A new mission designed to improve hurricane forecasting is ready to launch, just ahead of the June 1 arrival of the 2023 Atlantic hurricane season.
The NASA mission includes a constellation of CubeSats called TROPICS, or Time-Resolved Observations of Precipitation structure and storm Intensity with a Constellation of Smallsats.
The first two CubeSats are expected to lift off from Māhia, New Zealand, aboard a Rocket Lab Electron rocket during a two-hour window that opens at 9 p.m. ET on Sunday.
Two additional CubeSats, nicknamed “Coming to a Storm Near You,” will launch from the same location later this month.
Together, the four satellites, each weighing 12 pounds and about the size of a loaf of bread, will observe tropical cyclones from low-Earth orbit.
Once all of them are in orbit, the tiny satellites will form a constellation that makes more frequent observations than current weather-monitoring satellites.
“The need for improved climate and weather data from space is acute and growing. Hurricanes and tropical storms have a devastating effect on lives and livelihoods, so we’re immensely proud to be entrusted by NASA to launch the TROPICS missions which will enable scientists and researchers to accurately predict storm strength and give people time to evacuate and make plans,” said Rocket Lab founder and CEO Peter Beck in a statement. “With the 2023 hurricane season fast approaching, time is of the essence for these missions.”
Each CubeSat will orbit at about 340 miles (550 kilometers) above Earth’s surface and capture hourly observations of the precipitation, temperature and humidity of tropical storms. Current satellites take similar data, but only about every six hours, which makes it more difficult to measure the intensity of storms.
More frequent data can help scientists understand the rapid changes that can occur within a storm, impacting its structure and stability, and help meteorologists improve their prediction and forecasting models.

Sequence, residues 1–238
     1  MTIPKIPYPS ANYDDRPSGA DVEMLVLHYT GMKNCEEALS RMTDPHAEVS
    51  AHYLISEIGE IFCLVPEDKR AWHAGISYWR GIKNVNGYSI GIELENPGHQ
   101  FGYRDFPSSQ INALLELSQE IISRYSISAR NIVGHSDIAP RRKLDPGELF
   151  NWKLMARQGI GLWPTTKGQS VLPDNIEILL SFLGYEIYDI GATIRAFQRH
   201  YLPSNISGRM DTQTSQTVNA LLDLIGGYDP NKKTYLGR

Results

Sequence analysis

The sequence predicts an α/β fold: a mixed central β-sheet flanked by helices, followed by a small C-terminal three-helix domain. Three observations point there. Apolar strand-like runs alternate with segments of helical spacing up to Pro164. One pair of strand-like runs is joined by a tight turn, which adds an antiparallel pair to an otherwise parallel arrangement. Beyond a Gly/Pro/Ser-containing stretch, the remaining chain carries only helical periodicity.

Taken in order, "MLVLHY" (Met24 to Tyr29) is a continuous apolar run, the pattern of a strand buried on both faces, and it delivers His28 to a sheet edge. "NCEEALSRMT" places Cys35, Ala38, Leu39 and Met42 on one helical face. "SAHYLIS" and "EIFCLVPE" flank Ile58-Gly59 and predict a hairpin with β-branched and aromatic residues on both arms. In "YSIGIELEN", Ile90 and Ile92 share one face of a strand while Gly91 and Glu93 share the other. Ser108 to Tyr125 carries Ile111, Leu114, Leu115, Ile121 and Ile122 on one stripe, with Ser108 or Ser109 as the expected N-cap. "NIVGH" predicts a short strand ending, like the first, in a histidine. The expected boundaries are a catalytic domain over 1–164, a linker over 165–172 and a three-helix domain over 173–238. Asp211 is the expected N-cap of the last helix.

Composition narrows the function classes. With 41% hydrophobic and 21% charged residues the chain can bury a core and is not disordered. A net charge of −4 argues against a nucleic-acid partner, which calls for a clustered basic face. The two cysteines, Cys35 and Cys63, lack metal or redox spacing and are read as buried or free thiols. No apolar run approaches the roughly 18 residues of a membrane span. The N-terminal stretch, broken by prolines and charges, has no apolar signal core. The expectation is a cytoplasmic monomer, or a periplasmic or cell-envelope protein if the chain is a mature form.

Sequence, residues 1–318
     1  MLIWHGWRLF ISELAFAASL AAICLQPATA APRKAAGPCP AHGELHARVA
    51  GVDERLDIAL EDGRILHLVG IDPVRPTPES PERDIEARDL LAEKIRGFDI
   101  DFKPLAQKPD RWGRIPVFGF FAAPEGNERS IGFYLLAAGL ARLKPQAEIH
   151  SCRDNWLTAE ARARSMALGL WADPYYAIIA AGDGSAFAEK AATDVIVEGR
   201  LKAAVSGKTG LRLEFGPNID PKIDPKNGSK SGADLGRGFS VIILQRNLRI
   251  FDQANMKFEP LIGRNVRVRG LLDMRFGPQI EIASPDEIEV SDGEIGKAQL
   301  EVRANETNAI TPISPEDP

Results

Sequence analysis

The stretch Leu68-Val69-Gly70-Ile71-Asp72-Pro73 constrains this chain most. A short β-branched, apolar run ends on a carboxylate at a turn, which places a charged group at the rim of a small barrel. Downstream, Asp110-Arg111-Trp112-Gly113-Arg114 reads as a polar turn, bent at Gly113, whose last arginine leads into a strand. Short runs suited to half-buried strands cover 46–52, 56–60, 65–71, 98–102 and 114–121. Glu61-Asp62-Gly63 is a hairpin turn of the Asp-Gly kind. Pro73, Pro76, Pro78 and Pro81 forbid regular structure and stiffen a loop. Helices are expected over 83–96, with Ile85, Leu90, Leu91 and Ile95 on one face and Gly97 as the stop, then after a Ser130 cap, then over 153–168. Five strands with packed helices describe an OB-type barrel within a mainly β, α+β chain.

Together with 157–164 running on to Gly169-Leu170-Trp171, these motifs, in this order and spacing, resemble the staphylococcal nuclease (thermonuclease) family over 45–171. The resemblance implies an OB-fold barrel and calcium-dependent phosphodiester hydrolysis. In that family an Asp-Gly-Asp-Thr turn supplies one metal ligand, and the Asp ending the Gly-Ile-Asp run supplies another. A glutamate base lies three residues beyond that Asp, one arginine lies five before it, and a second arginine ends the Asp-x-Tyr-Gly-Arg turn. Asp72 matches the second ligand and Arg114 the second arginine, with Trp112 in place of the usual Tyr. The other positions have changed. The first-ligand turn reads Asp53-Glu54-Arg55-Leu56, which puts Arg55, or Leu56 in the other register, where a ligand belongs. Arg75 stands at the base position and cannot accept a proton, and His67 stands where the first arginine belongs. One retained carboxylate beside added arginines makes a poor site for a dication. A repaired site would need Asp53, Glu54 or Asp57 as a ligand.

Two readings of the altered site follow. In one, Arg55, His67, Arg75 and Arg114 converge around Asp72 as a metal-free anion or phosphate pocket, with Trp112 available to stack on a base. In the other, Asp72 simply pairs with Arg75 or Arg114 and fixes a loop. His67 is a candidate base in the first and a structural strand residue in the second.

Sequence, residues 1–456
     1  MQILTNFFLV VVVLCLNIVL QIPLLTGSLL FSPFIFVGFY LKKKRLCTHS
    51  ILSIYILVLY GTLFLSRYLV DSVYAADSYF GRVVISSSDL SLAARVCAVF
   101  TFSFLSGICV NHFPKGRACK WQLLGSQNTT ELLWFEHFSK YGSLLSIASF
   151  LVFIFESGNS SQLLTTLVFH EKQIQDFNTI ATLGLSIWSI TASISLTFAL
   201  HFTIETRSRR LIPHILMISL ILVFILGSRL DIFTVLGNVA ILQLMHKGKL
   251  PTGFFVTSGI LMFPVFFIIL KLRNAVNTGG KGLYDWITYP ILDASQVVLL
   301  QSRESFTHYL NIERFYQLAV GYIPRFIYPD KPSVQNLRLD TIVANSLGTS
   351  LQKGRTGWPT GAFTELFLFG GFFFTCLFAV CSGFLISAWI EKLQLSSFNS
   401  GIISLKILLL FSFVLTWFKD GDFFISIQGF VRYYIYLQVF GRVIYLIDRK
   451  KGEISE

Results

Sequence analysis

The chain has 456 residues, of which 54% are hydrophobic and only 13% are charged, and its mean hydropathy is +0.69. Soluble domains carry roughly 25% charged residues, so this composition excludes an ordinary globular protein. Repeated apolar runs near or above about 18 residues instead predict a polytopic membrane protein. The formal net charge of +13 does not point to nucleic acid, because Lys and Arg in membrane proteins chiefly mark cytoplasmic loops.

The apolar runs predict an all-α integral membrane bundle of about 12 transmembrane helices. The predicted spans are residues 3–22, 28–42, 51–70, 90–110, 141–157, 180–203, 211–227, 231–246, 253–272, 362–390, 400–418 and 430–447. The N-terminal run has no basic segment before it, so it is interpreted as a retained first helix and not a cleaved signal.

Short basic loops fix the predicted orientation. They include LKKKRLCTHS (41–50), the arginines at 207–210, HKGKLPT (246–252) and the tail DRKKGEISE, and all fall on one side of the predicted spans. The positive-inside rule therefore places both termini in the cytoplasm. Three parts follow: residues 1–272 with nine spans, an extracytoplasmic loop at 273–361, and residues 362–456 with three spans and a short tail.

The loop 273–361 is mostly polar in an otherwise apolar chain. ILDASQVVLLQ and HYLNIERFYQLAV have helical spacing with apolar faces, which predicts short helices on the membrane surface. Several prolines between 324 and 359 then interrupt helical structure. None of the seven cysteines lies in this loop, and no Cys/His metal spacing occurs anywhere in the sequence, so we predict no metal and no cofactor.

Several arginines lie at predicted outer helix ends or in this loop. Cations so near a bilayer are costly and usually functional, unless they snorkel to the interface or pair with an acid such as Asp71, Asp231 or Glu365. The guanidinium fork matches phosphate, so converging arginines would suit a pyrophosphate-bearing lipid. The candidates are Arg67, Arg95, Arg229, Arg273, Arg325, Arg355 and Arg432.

During the 2020 Atlantic hurricane season, there were so many tropical storms and hurricanes that meteorologists ran out of names on the predefined list and had to switch to the Greek alphabet — and then the same thing happened again in 2021, said Ben Kim, program executive at NASA’s Earth Science Division.
In 2022, three hurricanes hit the US, but Hurricane Ian alone caused more than $100 billion in damages and caused more than 100 fatalities, Kim said.
“TROPICS aims to improve our scientific understanding by obtaining microwave observations that allow us to see the inner structure of the storm approximately hourly,” Kim said. “These observations will complement existing weather satellites and ultimately then can be tied to the broader understanding of the entire Earth system.”
Data collected by TROPICS will be shared with the National Oceanic and Atmospheric Administration, the Joint Typhoon Warning Center, the National Hurricane Center and other partners. The satellites will measure water vapor primarily located in the troposphere, or the lowest layer of Earth’s atmosphere, where most weather phenomena occurs.
“The exciting thing about this is its the ability to see inside the storms, but it’s also the ability to see how the storms are changing over short periods of time,” said Dr. Will McCarty, program scientist at NASA’s Earth Science Division.